The neutral shadow works as follows. During a standard run of the system, various details are recorded at each time slice (if the parameter record_neutral_model_data is set appropriately). These details include the number of organism births during that time slice, the number of these new births which resulted in new genotypes (through the action of flaws or mutations), the number of cell divisions (to form parallel processes), the number of cell deaths, and any movements made by individual cells.
The idea of the neutral shadow is to re-run the system using this recorded data, but in such a way that that no particular organism or genotype has any adaptive advantage over any other. Nominal ``programs'' exist at grid locations, reproduce, and die. At each time slice, a number (specified by the data recorded from the real run) of these programs are chosen at random to reproduce and to mutate. (Cell divisions in the real run to form parallel programs are treated as reproductions in the neutral shadow, so that all programs are unicellular.)5.6 Similarly, a number of cells are chosen at random to be killed, and to move around the grid, determined by the numbers recorded from the standard run. In this way, we get the same number of events occurring in the neutral shadow as in the standard run, but these events happen to randomly chosen individuals. By applying the same measurement techniques to the neutral shadow as we do to the standard run, we can get an idea of the ``raw'' dynamics of the system, independent of the adaptive success of any particular genotype.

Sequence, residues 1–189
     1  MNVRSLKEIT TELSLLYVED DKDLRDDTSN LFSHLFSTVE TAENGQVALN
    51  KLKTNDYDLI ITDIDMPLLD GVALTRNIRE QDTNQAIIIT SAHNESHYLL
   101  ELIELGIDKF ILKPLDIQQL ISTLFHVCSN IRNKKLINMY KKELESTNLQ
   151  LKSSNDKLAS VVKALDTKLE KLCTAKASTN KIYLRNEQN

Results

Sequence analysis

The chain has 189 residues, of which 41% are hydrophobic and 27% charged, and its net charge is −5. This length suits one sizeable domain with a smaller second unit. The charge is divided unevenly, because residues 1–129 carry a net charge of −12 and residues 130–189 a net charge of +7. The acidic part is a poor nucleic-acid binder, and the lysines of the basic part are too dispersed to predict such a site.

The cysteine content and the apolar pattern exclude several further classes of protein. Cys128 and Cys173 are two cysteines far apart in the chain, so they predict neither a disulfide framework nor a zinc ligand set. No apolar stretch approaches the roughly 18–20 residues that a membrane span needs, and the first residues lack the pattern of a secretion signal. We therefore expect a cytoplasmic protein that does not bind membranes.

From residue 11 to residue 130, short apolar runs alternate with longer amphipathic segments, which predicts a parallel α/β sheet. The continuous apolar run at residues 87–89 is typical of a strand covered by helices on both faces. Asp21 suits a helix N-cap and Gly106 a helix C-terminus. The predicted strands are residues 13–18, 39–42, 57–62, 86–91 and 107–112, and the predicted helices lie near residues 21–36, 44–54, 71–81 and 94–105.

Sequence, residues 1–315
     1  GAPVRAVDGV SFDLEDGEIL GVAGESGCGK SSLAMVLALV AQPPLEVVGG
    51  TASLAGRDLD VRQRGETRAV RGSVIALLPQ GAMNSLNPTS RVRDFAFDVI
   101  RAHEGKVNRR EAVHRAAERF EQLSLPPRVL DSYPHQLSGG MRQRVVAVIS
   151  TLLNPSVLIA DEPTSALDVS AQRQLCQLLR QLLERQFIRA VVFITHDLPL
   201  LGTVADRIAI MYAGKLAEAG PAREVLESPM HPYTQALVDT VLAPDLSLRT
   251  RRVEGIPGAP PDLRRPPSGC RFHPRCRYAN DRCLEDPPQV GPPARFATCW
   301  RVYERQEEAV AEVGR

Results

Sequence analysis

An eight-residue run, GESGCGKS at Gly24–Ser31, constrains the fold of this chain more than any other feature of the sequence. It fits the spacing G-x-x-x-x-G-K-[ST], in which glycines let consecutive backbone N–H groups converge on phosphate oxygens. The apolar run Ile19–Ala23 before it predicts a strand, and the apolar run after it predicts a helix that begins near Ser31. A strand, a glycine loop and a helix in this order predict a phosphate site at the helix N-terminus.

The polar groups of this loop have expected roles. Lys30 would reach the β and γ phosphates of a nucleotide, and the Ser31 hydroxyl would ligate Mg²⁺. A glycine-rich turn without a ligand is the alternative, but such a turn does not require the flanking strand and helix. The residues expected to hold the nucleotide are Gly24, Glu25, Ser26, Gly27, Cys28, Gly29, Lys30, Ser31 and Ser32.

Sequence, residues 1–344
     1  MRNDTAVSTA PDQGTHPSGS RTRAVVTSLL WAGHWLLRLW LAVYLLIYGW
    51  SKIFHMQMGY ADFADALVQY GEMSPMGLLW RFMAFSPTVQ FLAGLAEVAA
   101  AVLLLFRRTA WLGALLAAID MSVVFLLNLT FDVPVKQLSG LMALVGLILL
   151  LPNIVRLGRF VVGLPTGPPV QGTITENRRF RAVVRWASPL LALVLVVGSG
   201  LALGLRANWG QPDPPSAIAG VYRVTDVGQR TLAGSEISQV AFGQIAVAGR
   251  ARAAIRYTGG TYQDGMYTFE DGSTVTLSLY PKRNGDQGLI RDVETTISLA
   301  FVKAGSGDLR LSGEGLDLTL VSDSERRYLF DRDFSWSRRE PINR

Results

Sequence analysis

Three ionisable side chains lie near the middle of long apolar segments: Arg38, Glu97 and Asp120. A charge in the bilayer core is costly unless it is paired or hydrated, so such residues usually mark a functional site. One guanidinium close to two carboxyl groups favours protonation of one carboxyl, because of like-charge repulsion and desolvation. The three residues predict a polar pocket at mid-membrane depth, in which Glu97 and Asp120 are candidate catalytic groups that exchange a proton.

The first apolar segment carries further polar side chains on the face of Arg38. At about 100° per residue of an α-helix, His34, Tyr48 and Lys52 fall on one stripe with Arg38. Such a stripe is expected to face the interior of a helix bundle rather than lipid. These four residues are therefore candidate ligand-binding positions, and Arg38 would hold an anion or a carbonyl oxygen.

The results of the neutral shadow are discussed alongside the results of the standard run in the following sections.